Denny Zeitlin and George Marsh – Expedition (2017)

‘Electro-acoustic’ seems to be one of the latest trends currently happening in the progressive and avant-garde jazz arenas, but that’s old hat to such veteran groundbreakers like pianist Denny Zeitlin and percussionist George Marsh. They have been exploring the endless possibilities presented by technology aiding in the improvisation process since the late 60s. Continuing a reunion after a four decade break, Zeitlin and Marsh build on a renewed rapport found on 2015’s Riding The Moment with Expedition (July 21, 2017 from Sunnyside Records).

Zeitlin has taken advantage of recent advances in technology to not only create music with orchestral complexity aided only by Marsh’s drums and percussion but also to compose extemporaneously. Compositions follow down a logical path, all more remarkable since Zeitlin and Marsh are blazing these paths together without forethought and — due to the logistics of the recording setup – also without the benefit of seeing each other while they do so. Thus, an endeavor so steeped in technology relies even more than conventional musical recordings on the trust between the musicians and their own intuition to pull this off.

Using a massive arsenal of music-making tools at his disposal, Zeitlin marshals various, keyboards, synthesizers, computers, pedals and a grand piano to mold layers and textures into a lucid whole that is alive in the moment because it was created in the moment, with almost all the performances heard here first takes with very little overdubs. And if you think that this results in some dissonant mess, think again; melody, harmony, rhythm and the arc of a performance are plentifully present.

The highly detailed cymbals and toms of Marsh on “Geysers” amid Zeitlin’s atmospheric potpourri becomes a focal point because it’s placed far up enough in the mix and sounds so human from the sharp relief. “Expedition” quickly finds its footing following a simulated bowed bass intro, a completely realized composition with a natural progression made all the more astonishing that it was imagined in the moment. Zeitlin’s piano turns the ambience of “Thorns of Life” into earnest melancholy. “Watch Where You Step” strings together a suite of connected improvs and bolstered at key turns by computer or synth generated orchestral backdrops.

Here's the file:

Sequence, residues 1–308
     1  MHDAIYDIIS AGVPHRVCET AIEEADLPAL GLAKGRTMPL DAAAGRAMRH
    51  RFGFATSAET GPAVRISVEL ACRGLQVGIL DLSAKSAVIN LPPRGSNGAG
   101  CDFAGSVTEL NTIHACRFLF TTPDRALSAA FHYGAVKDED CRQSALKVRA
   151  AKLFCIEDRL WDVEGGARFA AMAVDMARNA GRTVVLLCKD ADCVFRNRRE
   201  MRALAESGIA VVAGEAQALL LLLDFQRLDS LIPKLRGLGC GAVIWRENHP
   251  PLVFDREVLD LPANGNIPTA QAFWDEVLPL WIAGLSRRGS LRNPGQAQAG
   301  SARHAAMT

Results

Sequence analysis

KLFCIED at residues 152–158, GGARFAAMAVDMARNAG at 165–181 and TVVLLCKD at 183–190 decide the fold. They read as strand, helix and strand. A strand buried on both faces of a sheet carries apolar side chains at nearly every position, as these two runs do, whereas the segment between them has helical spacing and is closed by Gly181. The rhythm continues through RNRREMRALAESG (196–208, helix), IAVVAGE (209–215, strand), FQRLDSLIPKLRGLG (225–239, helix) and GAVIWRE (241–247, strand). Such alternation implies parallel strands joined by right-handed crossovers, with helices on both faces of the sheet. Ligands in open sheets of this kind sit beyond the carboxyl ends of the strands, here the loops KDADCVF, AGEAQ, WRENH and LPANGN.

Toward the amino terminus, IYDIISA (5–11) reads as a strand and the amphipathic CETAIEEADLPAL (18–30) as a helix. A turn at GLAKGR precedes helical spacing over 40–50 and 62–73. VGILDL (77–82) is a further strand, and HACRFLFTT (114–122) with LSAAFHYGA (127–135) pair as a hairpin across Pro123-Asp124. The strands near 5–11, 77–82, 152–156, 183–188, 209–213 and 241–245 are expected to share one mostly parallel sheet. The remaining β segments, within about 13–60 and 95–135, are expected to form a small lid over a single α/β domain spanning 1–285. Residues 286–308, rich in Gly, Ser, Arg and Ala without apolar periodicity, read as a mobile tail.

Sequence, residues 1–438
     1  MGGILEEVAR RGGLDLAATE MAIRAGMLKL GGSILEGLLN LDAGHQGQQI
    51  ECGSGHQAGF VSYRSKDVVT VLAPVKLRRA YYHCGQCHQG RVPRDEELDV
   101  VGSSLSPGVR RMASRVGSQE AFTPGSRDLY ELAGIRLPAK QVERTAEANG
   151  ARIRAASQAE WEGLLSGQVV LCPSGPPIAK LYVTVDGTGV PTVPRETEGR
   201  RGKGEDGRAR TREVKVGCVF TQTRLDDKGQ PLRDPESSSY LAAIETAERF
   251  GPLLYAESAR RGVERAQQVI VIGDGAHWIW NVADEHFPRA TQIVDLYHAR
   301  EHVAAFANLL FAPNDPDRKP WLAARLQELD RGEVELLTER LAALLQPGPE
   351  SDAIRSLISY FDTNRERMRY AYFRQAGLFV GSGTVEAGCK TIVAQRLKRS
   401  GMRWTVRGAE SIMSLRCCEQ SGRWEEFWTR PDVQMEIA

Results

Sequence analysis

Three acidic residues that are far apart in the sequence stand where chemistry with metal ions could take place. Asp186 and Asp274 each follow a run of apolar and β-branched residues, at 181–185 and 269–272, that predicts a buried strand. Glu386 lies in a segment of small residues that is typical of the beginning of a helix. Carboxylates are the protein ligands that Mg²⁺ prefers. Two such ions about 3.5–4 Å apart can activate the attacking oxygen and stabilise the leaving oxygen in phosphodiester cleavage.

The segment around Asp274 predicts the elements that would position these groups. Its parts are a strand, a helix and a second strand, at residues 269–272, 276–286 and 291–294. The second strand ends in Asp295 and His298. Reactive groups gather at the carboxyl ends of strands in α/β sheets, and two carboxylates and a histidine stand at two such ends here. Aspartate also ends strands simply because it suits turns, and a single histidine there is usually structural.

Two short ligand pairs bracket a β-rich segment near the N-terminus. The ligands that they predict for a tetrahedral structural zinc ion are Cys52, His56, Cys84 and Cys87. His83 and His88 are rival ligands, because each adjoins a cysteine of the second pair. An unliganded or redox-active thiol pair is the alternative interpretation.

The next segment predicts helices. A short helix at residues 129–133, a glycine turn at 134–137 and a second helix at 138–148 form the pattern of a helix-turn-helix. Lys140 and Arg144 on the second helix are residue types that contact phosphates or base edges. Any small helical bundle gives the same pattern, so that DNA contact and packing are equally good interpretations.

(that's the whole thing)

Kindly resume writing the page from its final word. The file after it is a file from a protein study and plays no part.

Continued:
As with Riding The Moment, Zeitlin is able to convincingly mimic real instruments, such as an acoustic guitar and flute on “Traffic,” but when Marsh breaks into a loose swing, the pianist responds in kind with his acoustic instrument on piano and without missing a beat, the song morphs into pure jazz. Despite that, Zeitlin finds a way to incorporate those artificial sounds without disturbing the purity.

Heavenly ‘vocal’ choruses grace the spare, introspective “Spiral Nebula,” but Marsh’s drums are the real star here, channeling the late Paul Motian. For “Shards of Blue,” a single-note synth line resembling a trumpet undertakes a solo firmly rooted in bop language, later settling into a looser groove led by a synth resembling an EWI. “One Song” comes closest to acoustic mainstream jazz for a while as a faux acoustic bass rounds out a traditional piano trio; synthesized accents occasionally intrude to add tasteful texture.

The number of jazz musicians who were innovating 4-5 decades ago and continue to innovate today is very small; Danny Zeitlin and George Marsh certainly belong in that exclusive club. Expedition continues their long, provocative journey.

S. Victor Aaron

S. Victor Aaron

S. Victor Aaron is an SQL demon for a Fortune 100 company by day, music opinion-maker at night. His musings are strewn out across the interwebs on,, a football discussion board and some inchoate customer reviews of records from the late 1990s on Amazon under a pseudonym that will never be revealed. E-mail him at svaaron@somethingelsereviews .com or follow him on Twitter at
S. Victor Aaron